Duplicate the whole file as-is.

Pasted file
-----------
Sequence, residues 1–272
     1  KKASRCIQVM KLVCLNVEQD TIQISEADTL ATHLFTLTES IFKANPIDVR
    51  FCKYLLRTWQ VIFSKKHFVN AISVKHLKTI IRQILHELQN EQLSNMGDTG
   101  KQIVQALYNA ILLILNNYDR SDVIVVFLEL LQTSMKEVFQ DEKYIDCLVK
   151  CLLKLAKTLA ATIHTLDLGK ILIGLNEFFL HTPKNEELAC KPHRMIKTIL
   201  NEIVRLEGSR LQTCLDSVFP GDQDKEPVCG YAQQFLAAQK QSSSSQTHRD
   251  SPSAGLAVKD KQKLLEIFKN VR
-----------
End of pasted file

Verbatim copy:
Sequence, residues 1–272
     1  KKASRCIQVM KLVCLNVEQD TIQISEADTL ATHLFTLTES IFKANPIDVR
    51  FCKYLLRTWQ VIFSKKHFVN AISVKHLKTI IRQILHELQN EQLSNMGDTG
   101  KQIVQALYNA ILLILNNYDR SDVIVVFLEL LQTSMKEVFQ DEKYIDCLVK
   151  CLLKLAKTLA ATIHTLDLGK ILIGLNEFFL HTPKNEELAC KPHRMIKTIL
   201  NEIVRLEGSR LQTCLDSVFP GDQDKEPVCG YAQQFLAAQK QSSSSQTHRD
   251  SPSAGLAVKD KQKLLEIFKN VR